Congress was in the throes of the lame duck session last week and will be this week:
- The House of Representatives passed the 21st Century Cures Act this week that increases federal research funding for the National Institutes of Health. Congress added provisions to the bill that combat opioid and other prescription drug addictions, as well as a provision to boost federal mental health programs. The Senate is expected to vote on the bill next week before sending it to the President for his signature. President Obama is expected to sign the bill.
- On Friday, the House passed the National Defense Authorization Act (NDAA) by a vote of 375-34. The bill sets the nation’s defense priorities for the coming year. Among other policies, the NDAA increases pay for our nation’s fighting men and women, it cuts the Pentagon bureaucracy, and it begins the process of reforming the defense acquisition process. These were ideas proposed and championed by NCPA in our Common Defense initiative earlier this year. The Senate will consider the NDAA bill next week before sending it to the President for his signature. President Obama has threatened to veto the bill in the past, but that threat was made before the election. The White House hasn’t made a recent statement one way or the other on the matter.
- Next week, both the House and Senate are expected to pass a temporary continuing resolution to keep the federal government open until April 2017, well into the Trump Administration’s first few months, and with enough time for the new Trump budget team to get organized. That means the new 115th Congress will need to address the current funding issue once again, around the same time we reach the national debt limit, so look for another grand bargain or some sort of comprehensive long-term budget compromise next Spring.
An interesting game of musical chairs always happens when a new president is elected. But when the control of the Executive Branch changes from one party to another, it means thousands of federal jobs are at stake. And it doesn’t only affect the Executive Branch; the Legislative Branch is also experiencing its own game of musical chairs as Senators and Representatives are tapped to work in the Trump Administration. Between now and January 20, thousands of Obama Administration political appointees will need to move out so that thousands of Trump Administration political appointees can move in. It all starts with the cabinet appointees:
- Attorney General– Senator Jeff Sessions (R-AL). Senate Judiciary Committee Chairman Chuck Grassley announced that he will move forward with confirmation hearings for Sen. Sessions before the January 20 inauguration.
- Defense Secretary– General James Mattis. Although the President-Elect mentioned this appointment at a rally last week, the official announcement won’t happen until this week. (So act surprised!)
- Treasury Secretary– Former Goldman Sachs executive Steven Mnuchin (pronounced Mun-oo-chin, or Mun-oo-shin, depending on who you ask).
- HHS Secretary– House Budget Committee Chairman Tom Price (R-GA). He has been a key player in the Obamacare repeal/replace wars. In a unique convergence of the executive and legislative calendars, Chairman Price will preside over the Obamacare repeal efforts in the House that will kick off on January 3, 2016, before he is sworn in as Secretary of Health and Human Services, sometime after the January 20 inauguration of President Trump. After that, the House Budget Committee will need a new chairman, perhaps Rep. Todd Rokita, Rep. Mario Diaz-Balart, or Rep. Tom McClintock.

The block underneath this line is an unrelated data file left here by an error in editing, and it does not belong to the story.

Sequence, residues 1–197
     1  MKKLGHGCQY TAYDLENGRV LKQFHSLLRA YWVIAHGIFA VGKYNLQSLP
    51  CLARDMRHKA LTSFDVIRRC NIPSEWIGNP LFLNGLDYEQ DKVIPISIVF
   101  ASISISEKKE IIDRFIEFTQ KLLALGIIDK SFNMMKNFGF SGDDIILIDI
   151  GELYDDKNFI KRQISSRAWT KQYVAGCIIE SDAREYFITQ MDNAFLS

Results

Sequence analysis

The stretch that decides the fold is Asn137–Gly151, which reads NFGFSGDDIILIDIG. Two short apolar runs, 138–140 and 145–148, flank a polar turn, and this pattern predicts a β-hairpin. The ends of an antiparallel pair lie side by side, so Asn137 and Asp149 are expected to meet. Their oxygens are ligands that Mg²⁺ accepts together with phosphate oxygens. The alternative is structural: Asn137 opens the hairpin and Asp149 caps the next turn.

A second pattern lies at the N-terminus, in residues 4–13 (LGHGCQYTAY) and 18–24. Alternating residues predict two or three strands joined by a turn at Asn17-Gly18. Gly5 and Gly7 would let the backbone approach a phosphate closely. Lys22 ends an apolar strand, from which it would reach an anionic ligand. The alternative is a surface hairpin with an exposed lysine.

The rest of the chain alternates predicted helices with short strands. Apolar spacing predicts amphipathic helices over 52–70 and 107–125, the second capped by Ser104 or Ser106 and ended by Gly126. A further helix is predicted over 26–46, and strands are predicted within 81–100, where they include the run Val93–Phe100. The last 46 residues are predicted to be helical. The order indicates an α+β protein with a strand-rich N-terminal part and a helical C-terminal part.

- Commerce Secretary– Investor Wilbur Ross.
- Transportation Secretary– Former Labor Secretary Elaine Chao. Trivia question of the day: How many people have served as both Secretary of Transportation and Secretary of Labor, and is also married to the Senate Majority Leader? Answer: 2. Secretary Chao is married to Senate Majority Leader Mitch McConnell and Secretary Elizabeth Dole is married to former Senate Majority Leader Bob Dole and served as both Transportation and Labor secretary.
- Up on Capitol Hill, both Paul Ryan and Nancy Pelosi prevailed in their respective races to lead their respective parties in the House of Representatives. Speaker Paul Ryan says he talks to the President-Elect almost every day, which is a nice change of pace to the current president, who is notorious for ignoring the Speaker of the House, to say nothing of Congress at large. For her part, Nancy Pelosi is going to be busy fending off challenges to her own leadership and rebuilding her party after the election decimated the Democrats.
- Also on the Hill, several of the committees will change leadership next year. Rep. Greg Walden (R-OR) will be chairman of the House Energy and Commerce Committee, Rep. Phil Roe (R-TN) will chair the House Veterans Affairs Committee, and Rep. Virginia Foxx (R-NC) will chair the House Education and Workforce Committee. Here’s a list of the other committee chairmen that will take the gavel next year.
Brian Williams is the NCPA’s legislative director.